An amazing thing has happened. According to the International Energy Agency (IEA), China has now surpassed the United States as the world's biggest energy consumer. The Wall Street Journal reports the story in China Tops U.S. In Energy Use—
China has passed the U.S. to become the world's biggest energy consumer, according to new data from the International Energy Agency, a milestone that reflects both China's decades-long burst of economic growth and its rapidly expanding clout as an industrial giant
China's ascent marks "a new age in the history of energy," IEA chief economist Fatih Birol said in an interview. The country's surging appetite has transformed global energy markets and propped up prices of oil and coal in recent years, and its continued growth stands to have long-term implications for U.S. energy security...
The U.S. had been the globe's biggest overall energy user since the early 1900s, Mr. Birol said.
China overtook it at breakneck pace. China's total energy consumption was just half that of the U.S. 10 years ago, but in many of the years since, China saw annual double-digit growth rates. It had been expected to pass the U.S. about five years from now, but took the top position earlier because the global recession hit the U.S. more severely, slowing American industrial activity and energy use.
This "new age in the history of energy" is likely to be extremely turbulent. Let's talk oil. Casual talk about future Oil Wars may not be too far off the mark. For many years now, China has moved aggressively to secure supplies in various producing regions—Angola (West Africa), Sudan (East Africa), Russia, Iran, Iraq, Kazakhstan, Venezuela, et. al. The Chinese have also tried to step up domestic production in the Tarim Basin, the South & East China Seas, and Bohai Bay even as its biggest fields Daqing & Shengli have tipped over into permanent decline.
Like the United States, China must import most of the oil it consumes. The Chinese have never produced 4 million barrels-per-day, although they have gotten close this year. Yet in June, China consumed approximately 9.4 million barrels each and every day. Of this total, they imported 5.44 million barrels (as reported by the Xinhua News Agency).
China knows—unless they are deluding themselves—that we have entered the Peak Oil Era. One can think of it as a zero-sum-game and not be far wrong: every barrel the United States does not consume will be used in China. Between them, these two countries now consume about 28 million barrels-per-day, which is nearly 33% of the world total. The Wall Street Journal gets it all wrong—
The U.S. also remains the biggest oil consumer by a wide margin, going through roughly 19 million barrels a day on average. China, at about 9.2 million barrels a day, runs a distant second. But many oil analysts believe U.S. crude demand has peaked or is unlikely to grow very much in coming years, because of improved energy efficiency and more stringent vehicle fuel-efficiency regulations.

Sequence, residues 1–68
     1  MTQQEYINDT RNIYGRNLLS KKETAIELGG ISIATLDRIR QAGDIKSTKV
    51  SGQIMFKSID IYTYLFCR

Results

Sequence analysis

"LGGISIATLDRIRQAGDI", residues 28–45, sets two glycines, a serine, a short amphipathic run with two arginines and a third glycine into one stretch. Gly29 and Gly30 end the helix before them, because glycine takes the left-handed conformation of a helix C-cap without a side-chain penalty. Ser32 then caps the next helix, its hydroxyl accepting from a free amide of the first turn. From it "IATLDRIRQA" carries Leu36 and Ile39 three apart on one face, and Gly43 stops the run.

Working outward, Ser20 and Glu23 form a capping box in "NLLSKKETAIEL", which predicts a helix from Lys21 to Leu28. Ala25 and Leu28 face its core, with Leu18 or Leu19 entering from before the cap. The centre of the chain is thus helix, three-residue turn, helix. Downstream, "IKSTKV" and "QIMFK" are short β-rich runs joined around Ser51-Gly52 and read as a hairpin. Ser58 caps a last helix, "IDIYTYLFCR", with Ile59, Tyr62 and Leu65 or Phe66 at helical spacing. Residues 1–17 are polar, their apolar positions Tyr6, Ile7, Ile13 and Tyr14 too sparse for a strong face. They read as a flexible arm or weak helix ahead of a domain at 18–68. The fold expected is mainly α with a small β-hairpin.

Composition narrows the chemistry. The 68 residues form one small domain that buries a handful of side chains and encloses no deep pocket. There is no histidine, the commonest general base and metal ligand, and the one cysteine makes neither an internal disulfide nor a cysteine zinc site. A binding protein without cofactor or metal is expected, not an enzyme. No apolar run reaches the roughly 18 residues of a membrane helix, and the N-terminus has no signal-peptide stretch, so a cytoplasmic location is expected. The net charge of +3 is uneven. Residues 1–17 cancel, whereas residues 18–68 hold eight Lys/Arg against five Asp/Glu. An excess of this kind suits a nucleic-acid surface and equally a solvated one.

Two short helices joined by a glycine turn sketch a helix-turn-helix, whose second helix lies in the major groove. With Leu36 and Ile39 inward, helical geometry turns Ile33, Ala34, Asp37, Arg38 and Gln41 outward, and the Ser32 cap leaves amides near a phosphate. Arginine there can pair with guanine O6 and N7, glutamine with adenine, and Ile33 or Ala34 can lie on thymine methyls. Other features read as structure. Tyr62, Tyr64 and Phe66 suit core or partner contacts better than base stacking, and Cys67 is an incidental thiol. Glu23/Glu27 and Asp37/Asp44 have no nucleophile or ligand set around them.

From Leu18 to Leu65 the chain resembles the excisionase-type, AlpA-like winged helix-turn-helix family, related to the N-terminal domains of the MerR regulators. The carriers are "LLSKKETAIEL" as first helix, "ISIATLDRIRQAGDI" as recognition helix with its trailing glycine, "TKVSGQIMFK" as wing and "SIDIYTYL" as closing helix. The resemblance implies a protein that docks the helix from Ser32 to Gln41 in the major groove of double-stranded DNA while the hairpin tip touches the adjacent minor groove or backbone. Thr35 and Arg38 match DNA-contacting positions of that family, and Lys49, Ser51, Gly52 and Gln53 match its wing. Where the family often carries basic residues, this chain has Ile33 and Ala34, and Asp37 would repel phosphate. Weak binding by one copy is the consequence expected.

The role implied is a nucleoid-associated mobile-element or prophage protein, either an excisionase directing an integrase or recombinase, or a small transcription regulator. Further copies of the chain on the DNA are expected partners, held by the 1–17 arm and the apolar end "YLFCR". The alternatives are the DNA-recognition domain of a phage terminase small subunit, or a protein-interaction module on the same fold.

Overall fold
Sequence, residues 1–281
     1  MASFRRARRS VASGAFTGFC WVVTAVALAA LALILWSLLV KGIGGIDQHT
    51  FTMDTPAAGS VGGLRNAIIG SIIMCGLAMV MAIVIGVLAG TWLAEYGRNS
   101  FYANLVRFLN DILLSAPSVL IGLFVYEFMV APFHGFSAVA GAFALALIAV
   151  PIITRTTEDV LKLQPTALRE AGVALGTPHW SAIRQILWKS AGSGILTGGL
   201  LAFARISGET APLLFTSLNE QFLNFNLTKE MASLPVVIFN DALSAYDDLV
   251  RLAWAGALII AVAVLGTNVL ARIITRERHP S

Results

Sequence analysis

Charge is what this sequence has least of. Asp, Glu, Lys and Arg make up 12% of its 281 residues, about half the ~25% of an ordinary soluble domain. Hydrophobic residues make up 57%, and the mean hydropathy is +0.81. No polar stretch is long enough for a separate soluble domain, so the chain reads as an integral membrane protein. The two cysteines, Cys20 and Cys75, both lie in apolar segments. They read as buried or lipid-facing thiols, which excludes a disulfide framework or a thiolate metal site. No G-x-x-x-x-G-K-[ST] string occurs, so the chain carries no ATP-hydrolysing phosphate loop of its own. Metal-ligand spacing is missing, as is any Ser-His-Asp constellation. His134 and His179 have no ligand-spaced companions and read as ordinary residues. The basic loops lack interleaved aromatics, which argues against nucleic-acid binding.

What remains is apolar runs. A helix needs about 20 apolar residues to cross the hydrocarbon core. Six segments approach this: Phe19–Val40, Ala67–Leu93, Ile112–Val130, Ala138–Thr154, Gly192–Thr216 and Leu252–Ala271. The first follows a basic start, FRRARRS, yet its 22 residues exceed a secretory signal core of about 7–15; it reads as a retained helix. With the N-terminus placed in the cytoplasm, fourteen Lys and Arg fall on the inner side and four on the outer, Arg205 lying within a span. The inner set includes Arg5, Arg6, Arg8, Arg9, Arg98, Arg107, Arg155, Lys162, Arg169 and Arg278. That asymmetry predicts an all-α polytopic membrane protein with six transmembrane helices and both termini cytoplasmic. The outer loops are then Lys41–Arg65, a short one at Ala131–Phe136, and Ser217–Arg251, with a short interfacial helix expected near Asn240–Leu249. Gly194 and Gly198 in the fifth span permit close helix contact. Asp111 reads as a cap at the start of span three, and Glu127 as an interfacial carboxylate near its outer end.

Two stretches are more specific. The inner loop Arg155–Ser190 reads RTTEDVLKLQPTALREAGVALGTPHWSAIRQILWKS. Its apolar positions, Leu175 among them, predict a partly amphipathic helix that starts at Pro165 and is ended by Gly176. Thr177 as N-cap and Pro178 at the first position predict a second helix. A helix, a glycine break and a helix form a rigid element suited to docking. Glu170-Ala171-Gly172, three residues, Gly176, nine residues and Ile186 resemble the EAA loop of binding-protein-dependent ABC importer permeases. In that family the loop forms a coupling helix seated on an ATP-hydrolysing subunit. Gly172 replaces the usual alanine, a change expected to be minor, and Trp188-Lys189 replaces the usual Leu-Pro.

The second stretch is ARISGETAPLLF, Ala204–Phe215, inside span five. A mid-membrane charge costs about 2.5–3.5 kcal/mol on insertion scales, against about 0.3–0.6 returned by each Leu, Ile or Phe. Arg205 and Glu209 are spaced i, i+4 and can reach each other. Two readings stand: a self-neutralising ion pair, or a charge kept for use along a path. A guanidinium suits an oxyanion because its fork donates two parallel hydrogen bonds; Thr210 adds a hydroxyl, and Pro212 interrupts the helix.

This is utter bullshit. Oil consumption has likely peaked in the United States because our economy is in the dumper, and it is likely to remain in the dumper for a long time to come. In 2007, the last year before the crash, American oil consumption occasionally exceeded 21 million barrels-per-day. Those days are over, and improved efficiency has nothing to do with it.
Thus China has a limited window of opportunity (aided by the slowdown in the Eurozone) to grab more oil for itself. That is what's been going on since early 2009, and in the medium-term, it will continue until geological & economic constraints on oil production put a stop to it. Sometime before 2015, demand will outstrip the available supply again as it did in 2007-2008, and we will have another oil price shock.
In the shorter term, China's economy is slowing down, and may hit a very rough patch if the collapse of their property bubbles is not managed correctly. This will likely cause a contraction in China's oil demand, or at least slow the rate of consumption growth. We'll know the outcome by the end of this year.
Any future oil price dislocation itself will probably help the wealthy Chinese, who will then gobble up the oil made available by the recession caused by the shock. The Chinese will likely subsidize their oil consumption even when prices get too high to handle in the OECD countries, or risk losing market share. Now and in the future, maintaining or increasing oil market share will be China's paramount energy concern.
While you contemplate the implications of all this, watch this interview of Neil King, an energy reporter for the Wall Street Journal. I know for a fact that King has been thoroughly briefed about peak oil, so remember that he knows about it as he answers the questions of his uninformed interviewer. Apparently King has talked to some (unnamed) Administration officials. If he is reporting their "thinking" correctly, they lost all contact with the Real World a long time ago. But that's not really news, is it?